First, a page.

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RE: [DSII] Sinking hover tanks

From: "B Lin" <lin@r...>
Date: Wed, 25 May 2005 10:45:29 -0600
Subject: RE: [DSII] Sinking hover tanks

The Ekranoplane uses a slightly different ground-effect technique to
generate lift.	The downflow of air from the wings rebounds from the
ground and back up to provide additional lift to the craft.  This effect
is limited to a height roughly 1/2 the wingspan.  In addition, the lift
effect only kicks in at speed, so at low speeds (i.e. taking off) the
Ekranoplane is just a fast boat and sits in the water.	It has no
capability to hover or move slowly over terrain.

As for a heavy GEV craft being able to get across water - think skipping
stones.  Obviously rocks are denser than water, but it is possible to
skip them right across a pond.	Don't know if you can do that with an
air-cushion (not enough substance to redirect all that momentum quickly
upward) but in theory a fast moving object with constant propulsion
should be able to skip indefinitely across water.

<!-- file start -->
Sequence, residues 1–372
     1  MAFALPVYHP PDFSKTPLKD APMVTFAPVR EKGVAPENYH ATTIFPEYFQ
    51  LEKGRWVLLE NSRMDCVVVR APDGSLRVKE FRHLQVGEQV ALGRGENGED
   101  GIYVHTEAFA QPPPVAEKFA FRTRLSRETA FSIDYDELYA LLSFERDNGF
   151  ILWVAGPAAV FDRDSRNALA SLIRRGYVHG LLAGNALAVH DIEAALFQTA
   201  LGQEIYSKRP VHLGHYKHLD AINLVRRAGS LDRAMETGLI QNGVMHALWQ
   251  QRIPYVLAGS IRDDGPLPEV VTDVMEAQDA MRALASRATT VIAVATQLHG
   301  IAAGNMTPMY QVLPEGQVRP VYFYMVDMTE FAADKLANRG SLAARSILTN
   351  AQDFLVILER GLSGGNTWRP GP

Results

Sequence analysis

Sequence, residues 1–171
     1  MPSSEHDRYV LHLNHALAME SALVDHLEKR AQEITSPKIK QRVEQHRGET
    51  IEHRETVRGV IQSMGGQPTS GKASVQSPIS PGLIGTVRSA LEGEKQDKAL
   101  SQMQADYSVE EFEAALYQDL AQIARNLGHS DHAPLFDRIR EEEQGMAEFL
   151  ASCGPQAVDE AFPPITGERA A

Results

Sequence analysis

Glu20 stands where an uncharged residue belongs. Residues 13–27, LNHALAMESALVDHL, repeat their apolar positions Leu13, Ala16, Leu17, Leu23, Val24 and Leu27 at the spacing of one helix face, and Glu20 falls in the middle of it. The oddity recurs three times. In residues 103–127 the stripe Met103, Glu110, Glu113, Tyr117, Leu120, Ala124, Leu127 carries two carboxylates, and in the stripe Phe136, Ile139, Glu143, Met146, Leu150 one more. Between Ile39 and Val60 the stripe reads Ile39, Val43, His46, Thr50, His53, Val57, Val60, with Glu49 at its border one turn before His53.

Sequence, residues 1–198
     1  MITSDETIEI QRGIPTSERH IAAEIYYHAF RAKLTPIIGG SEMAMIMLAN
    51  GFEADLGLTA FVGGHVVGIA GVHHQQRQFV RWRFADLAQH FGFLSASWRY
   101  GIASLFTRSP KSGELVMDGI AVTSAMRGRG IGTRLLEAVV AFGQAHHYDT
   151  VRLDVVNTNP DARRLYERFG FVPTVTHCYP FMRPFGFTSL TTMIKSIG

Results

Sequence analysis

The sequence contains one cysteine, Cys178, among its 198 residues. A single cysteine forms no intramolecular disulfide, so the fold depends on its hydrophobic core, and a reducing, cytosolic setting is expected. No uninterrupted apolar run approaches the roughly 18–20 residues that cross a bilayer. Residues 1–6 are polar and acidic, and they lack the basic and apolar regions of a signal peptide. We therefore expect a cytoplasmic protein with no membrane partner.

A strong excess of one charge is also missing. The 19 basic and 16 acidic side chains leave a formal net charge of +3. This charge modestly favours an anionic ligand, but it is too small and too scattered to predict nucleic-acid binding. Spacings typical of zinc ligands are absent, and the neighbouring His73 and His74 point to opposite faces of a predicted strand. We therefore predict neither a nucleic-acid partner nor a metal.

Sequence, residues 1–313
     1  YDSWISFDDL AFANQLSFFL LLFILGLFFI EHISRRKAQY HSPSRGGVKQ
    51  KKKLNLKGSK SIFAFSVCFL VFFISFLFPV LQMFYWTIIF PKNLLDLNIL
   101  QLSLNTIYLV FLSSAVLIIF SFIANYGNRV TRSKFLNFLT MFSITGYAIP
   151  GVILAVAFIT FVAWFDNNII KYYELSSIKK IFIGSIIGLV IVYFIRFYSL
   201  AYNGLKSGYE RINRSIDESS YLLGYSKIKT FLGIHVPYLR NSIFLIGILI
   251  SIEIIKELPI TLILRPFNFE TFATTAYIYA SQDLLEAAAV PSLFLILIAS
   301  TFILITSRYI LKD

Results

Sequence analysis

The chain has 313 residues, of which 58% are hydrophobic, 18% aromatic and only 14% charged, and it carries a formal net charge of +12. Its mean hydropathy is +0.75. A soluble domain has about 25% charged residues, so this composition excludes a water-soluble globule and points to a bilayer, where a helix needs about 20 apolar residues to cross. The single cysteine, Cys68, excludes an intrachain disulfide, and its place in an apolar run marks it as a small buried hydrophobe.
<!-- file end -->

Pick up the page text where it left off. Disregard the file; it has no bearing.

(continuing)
Perhaps tanks could be equipped with a small set of retractable
hydroplanes to provide additional lift?


-----Original Message-----
From: owner-gzg-l@lists.CSUA.Berkeley.EDU
[mailto:owner-gzg-l@lists.CSUA.Berkeley.EDU] On Behalf Of Roger Burton
Sent: Wednesday, May 25, 2005 9:58 AM
Subject: Re: [DSII] Sinking hover tanks

On Wed, May 25, 2005 at 11:53:07AM -0400, Roger Books wrote:
>Some time ago we had a discussion about heavy hover tanks over water.
>conclusion was 
>that if the tank massed enough that the pressure/area (PSI in US terms)
>too great the tank
>would sink while furiously blowing bubbles from under its' skirt.
Basicly a 
>Hammer's Slammer 
>hover-tank would probably sink.

ISTR that this does indeed happen in one of the stories.

>The thing we didn't discuss was how movement would affect this. If the
>were moving at
>100KPH would this affectively give it a greater area under the skirts?
>Any ideas?

Depends on the design, but generally the skirts are designed to keep
outside air away from the cushion as much as possible. I very much doubt
that compression under the leading edge will be significant compared
with compression from the main lift fan.

On the other hand, a vehicle could be _designed_ for this mode of
motion; googling for "ekranoplan" will show a lot of vehicles that were
quite specifically intended to operate over water.


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